MG: I opened the gallery as an extension of what I was already doing. I was actively participating in indoor and outdoor shows and fairs, exhibiting my work and also needing a studio. I thought to open my own gallery to try something a bit different. I did everything. Curated. Hung the artwork. Called out to artists. Set up shows and exhibitions. Managed the day to day goings-on etc. And was able to paint somewhere that wasn’t my home. I opened one space in August 2011. Then moved to a different part of Toronto in August 2013. I closed my retail gallery in November 2015. The artists I featured were people I knew from participating in the same shows over the years. While new additions were either referrals through mutual artist-friends or people I’d meet at other shows. I carried a wide range of work including paintings (oil, acrylic, encaustic), sculpture and photography (digital and manual) as well as mixed-media and collage. Styles ranged from traditional to contemporary.
MM: Why did you decide to move it online?
MG: I moved online to cut my expenses. A retail space is rather costly to maintain. I tried to find another entity to share my space but couldn’t; I’d like to have an another gallery space once again. Online representation definitely has its challenges as I’m always trying to orient people to me and my website via Facebook &Instagram as well as by participating in shows and fairs.
MM: Can artists still submit to you? If so, is there a fee? What kinds of art are you looking for?
MG: I am indeed looking for artists on occasion when a particular show might have a specific theme or target audience. It’s always great to (at least) have a visual Rolodex of sorts, when it comes to expanding my reach if launching a pop-up or gallery show. I do not charge a fee. If I do sell an artist’s work, I take a gallery-commission, which is industry standard.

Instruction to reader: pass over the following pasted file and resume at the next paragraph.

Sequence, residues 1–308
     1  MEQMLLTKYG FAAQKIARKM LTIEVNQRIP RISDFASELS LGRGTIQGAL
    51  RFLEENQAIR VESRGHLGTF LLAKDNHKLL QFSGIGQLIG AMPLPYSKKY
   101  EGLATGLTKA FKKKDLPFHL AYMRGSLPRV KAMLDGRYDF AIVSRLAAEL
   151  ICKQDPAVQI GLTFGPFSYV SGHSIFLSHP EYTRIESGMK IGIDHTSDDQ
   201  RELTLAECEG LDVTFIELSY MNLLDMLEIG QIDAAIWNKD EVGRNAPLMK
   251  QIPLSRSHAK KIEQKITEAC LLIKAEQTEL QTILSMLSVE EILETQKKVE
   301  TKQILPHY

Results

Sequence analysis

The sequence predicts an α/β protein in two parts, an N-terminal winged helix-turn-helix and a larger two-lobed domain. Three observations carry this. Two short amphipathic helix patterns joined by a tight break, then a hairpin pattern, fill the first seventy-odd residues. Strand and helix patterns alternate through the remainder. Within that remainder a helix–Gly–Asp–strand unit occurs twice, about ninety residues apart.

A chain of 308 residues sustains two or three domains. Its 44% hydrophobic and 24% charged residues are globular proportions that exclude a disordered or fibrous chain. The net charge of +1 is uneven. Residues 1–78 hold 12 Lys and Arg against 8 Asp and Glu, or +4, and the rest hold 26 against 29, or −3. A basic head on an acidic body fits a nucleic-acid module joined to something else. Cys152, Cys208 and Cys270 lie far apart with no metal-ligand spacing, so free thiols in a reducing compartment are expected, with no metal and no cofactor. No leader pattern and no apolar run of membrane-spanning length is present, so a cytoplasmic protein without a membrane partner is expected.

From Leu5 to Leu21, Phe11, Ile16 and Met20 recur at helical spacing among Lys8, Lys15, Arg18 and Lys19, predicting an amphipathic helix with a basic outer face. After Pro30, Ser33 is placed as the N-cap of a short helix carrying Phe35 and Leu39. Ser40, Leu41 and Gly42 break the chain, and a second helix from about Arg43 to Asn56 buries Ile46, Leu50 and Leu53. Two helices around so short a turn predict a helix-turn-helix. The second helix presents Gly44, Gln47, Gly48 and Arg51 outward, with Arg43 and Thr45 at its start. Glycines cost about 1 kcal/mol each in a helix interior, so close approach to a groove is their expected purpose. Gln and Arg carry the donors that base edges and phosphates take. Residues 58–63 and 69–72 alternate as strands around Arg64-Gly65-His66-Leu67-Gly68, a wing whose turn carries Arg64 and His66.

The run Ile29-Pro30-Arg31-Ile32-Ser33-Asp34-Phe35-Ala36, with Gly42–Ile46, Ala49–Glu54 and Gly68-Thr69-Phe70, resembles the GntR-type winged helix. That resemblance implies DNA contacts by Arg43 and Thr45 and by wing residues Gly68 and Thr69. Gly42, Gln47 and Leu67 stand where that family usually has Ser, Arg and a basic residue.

MM: To date, what has been the most rewarding experience involving your artwork and/or being an artist?
MG: The rewards I’ve been granted through my work varies. Sometimes it’s the immediate connection a viewer might make with my art, ‘forcing’ them to buy something without caring where it will go or cost. I also love the open discussions and engagement someone might have with me and my work. While other times, it’s the friendships and circumstances by which my art has found a home. I did a show in New York City several years and one of Robert Kennedy’s sons purchased a small landscape painting of mine. I can actually say one of my paintings is in the Kennedy collection! I also developed a friendship with an actress, who purchased one of my works in that same New York City show. Being an artist can make one very vulnerable as your emotions and physicality can be challenged while the creative process itself can be very cathartic. Having owned and operated my own art gallery for over four years also had its rewards and pain.
MM: What advice would you give to someone who is aspiring to become an artist?
MG: Follow your gut and do your best to be thick-skinned. Allow yourself to be challenged. See what other people are doing but don’t directly copy what they do. Experiment and explore the mediums you’re using. Enjoy the process. Sure, sales are vital to stay afloat but be prepared to face failure and success.
MM: Are there any upcoming projects and/or events that you would like to mention?
MG: I just participated in the Affordable Art Fair in New York and am the featured artist in a Canadian interior design magazine, TorontoHOME. There are some follow-up leads and opportunities to exhibit my work back in Toronto and/or anywhere else someone might want to see it. I’m also offering a series of lectures, Musings of the Art World II, at Ryerson University in Toronto over the next few months.